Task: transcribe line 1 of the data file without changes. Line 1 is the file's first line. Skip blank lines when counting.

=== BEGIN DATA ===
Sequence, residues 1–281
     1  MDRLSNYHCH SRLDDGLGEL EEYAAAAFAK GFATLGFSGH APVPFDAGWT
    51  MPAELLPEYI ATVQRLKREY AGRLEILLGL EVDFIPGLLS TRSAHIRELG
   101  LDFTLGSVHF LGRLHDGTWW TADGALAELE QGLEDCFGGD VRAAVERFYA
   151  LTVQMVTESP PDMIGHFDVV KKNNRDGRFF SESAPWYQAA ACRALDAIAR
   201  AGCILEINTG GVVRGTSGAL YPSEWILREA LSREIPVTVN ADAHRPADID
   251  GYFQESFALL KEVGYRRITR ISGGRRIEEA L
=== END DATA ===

Sequence, residues 1–281